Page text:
Every month, an additional dozen or more homeless veterans are identified in Fairfax County. During the winter months, that number can triple. Last winter 94 veterans received overnight shelter though the Hypothermia Shelter Program. Many of these veterans find them themselves unable to cope in our civilian world after leaving a very structured military environment.
Board of Supervisors Chairman Sharon Bulova pledged to end veteran homelessness in 2015, joining 19 other jurisdictions across Virginia through a national effort called the Mayors Challenge. Ending homelessness means that we are housing more veterans than are being identified as homeless – we can never truly end homelessness. There are many challenges, including finding enough housing, working with the chronically homeless, as well as addiction and mental health issues.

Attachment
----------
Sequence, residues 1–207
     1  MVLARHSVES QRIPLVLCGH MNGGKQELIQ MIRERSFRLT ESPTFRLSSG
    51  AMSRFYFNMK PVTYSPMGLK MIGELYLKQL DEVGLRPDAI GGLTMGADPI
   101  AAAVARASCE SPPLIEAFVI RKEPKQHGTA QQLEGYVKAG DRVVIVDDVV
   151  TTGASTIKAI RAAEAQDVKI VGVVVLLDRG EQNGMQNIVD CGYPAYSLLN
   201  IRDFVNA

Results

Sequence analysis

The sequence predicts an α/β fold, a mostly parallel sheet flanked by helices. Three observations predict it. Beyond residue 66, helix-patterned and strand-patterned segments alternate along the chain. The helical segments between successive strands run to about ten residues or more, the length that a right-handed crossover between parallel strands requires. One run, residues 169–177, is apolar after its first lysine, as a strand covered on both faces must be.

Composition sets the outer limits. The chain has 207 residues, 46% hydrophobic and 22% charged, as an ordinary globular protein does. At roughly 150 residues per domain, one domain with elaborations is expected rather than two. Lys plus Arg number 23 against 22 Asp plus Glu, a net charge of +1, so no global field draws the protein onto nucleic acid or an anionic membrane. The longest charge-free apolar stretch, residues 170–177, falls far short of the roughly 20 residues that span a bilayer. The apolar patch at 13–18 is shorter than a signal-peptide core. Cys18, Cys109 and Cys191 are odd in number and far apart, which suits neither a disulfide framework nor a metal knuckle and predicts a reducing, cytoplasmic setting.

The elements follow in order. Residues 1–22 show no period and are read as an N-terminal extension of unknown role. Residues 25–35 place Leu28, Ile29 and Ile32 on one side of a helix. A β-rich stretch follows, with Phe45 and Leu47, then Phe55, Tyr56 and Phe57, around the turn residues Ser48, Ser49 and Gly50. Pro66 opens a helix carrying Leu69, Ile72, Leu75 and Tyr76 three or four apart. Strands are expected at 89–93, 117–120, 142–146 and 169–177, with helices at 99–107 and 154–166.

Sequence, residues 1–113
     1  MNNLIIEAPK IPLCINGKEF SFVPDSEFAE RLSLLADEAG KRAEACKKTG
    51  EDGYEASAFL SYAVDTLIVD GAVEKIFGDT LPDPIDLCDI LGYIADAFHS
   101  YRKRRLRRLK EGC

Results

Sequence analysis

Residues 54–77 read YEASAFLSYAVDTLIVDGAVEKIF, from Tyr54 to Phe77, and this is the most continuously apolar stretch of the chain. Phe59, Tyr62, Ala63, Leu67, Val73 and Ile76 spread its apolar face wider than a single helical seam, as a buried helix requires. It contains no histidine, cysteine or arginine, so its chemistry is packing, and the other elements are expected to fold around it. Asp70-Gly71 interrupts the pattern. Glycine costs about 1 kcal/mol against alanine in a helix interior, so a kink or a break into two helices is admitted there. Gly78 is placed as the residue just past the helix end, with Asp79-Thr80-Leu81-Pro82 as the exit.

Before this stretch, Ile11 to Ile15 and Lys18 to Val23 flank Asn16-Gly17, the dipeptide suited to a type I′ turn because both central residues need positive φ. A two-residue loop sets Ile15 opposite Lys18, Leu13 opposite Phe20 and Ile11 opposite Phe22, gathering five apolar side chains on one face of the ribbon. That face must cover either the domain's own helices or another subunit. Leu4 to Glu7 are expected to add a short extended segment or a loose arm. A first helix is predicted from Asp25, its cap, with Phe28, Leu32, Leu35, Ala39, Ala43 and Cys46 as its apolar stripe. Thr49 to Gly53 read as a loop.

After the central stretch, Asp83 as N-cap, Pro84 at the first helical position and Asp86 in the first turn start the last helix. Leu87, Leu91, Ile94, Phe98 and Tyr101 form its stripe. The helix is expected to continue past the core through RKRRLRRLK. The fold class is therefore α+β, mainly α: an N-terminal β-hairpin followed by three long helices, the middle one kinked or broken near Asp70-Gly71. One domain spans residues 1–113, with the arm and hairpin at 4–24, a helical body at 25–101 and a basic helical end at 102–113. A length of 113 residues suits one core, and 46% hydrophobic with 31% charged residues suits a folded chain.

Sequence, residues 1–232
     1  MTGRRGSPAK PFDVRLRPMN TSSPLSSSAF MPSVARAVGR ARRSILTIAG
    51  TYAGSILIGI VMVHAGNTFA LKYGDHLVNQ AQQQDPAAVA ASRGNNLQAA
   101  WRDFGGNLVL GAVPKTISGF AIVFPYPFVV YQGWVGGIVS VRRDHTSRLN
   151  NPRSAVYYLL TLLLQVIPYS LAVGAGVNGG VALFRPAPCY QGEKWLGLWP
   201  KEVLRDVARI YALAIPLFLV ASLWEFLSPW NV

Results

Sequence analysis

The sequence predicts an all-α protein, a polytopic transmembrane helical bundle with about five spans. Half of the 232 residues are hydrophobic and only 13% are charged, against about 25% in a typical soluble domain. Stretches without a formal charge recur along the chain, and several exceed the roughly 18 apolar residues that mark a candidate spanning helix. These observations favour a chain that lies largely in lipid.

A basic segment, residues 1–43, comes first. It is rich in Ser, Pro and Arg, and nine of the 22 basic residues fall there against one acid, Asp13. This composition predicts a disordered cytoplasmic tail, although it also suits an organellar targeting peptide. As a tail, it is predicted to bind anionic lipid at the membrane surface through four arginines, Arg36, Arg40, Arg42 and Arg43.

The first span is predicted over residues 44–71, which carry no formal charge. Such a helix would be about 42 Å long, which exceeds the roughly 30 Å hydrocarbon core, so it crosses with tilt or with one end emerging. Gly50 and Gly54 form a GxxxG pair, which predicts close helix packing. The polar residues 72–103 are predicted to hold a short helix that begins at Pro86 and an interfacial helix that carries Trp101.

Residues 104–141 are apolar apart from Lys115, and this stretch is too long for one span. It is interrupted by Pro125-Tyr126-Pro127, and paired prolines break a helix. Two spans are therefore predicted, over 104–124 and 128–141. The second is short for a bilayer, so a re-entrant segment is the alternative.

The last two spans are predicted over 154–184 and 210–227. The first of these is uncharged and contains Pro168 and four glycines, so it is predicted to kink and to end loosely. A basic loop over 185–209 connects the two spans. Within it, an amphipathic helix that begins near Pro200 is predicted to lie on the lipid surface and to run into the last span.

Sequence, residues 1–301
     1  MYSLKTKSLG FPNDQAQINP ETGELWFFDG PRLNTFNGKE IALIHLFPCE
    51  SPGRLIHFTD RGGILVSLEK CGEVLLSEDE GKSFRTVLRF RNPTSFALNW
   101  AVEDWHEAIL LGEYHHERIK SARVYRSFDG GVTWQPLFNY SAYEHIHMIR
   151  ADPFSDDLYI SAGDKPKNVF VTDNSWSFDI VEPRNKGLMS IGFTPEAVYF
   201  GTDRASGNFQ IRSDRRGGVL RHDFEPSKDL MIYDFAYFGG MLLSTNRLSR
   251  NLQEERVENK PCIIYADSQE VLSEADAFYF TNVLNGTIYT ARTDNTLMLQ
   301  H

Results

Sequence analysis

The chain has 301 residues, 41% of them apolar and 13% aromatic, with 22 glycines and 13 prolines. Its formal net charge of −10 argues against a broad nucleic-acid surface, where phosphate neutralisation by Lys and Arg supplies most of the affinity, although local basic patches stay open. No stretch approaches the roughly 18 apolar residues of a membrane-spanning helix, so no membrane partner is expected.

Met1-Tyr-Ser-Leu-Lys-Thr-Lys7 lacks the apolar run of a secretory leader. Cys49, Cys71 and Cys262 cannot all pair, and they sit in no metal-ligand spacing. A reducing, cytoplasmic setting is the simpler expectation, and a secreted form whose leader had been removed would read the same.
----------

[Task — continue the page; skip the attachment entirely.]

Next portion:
There is good news.
While we are very close to meeting the Mayors Challenge by the end of the year, the biggest success of this effort has been the rallying of efforts and resources by county government agencies, nonprofits and faith-based organizations to create an effective community-based homelessness response system. This success can be translated into a model for helping our larger homeless community.
- Housing placements have increased 85 percent in 2015.
- Homeless veterans are now identified quickly and the amount of time to receive support services and housing has been reduced to within 90 days.
- Enhanced utilization of federal and state veterans services and resources.